Last month Sarah and I took a trip to the Brooklyn Flea to pick up a black and tan kit from the Brooklyn Brew Shop. The kit included equipment (two one-gallon jugs, two airlocks, two rubber stoppers, two blow-off attachments, one thermometer, plastic tubing, a racking cane, sanitizer and a pouring spoon) to have both brews fermenting at the same time and the ingredients for both and cost $70. I recommend bringing a couple of your homebrews if you have them, we got a $5 discount for bringing two of ours. On Sunday we finally got around to brewing the beer.
The kit is as advertised: only a small space commitment. For homebrewers who have limited storage space, the kit is perfect (currently our beer is fermenting under my desk). I personally like the kit for the added reason that I could fit it in my refrigerator. (Sarah and I have been wanting to brew a schwarzbier for some time but we have no way to refrigerate a five-gallon bucket). Brooklyn Brew Shop provides a limited number of recipe kits. They provide milled grain, hops and yeast for each brew. Most are priced between $11-15 (the recipe kits at the Whole Foods Beer Room on Bowery are $11). After the initial expense of approximately $40 for the first batch you are looking at about $1-1.50 per beer. For those of us who are not yet comfortable creating our own recipes it is a nice way to make sure that you can make some decent beer. Another great thing about the kits is that because of their size, if you are experimenting with recipes and you mess one up you only lose one gallon of beer, not five.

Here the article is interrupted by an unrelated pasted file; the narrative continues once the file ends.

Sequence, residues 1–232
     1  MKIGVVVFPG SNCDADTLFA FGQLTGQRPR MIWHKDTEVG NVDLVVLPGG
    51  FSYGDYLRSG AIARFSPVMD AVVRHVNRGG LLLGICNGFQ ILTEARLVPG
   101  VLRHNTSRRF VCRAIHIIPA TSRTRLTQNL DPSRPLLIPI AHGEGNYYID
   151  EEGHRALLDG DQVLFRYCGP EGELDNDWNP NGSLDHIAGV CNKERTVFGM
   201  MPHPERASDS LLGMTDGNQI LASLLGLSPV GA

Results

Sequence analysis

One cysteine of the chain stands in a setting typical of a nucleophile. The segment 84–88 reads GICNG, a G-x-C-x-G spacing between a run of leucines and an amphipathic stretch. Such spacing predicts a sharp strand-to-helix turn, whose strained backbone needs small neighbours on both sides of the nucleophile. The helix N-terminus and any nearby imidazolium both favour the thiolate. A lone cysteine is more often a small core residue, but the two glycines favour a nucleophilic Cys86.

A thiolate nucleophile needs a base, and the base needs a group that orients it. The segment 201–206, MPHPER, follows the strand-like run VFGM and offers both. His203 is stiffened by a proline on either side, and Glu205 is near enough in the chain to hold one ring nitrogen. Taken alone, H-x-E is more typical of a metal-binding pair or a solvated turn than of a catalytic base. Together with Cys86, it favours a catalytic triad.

The directions provided are decent and give you the basics for setting up your lauter tun. Ours left something to be desired. My original plan was to go to the Arthur Avenue Market, where you can get all kinds of kitchen supplies, and get a brew pot that I could find a matching strainer for. Unfortunately the market was closed and I was forced to get the supplies from assorted stores in our neighborhood, which meant that none of the materials were exactly the correct size for each other. The largest strainer I could find was ten inches, smaller than our brew pot, and could barely hold the grain for the extra special bitter. A few grains slipped through into the wort and I had to fish them out but in the end the setup worked and we were able to get a full gallon from each. For more information on kits, recipes and directions, visit Brooklynbrewshop.com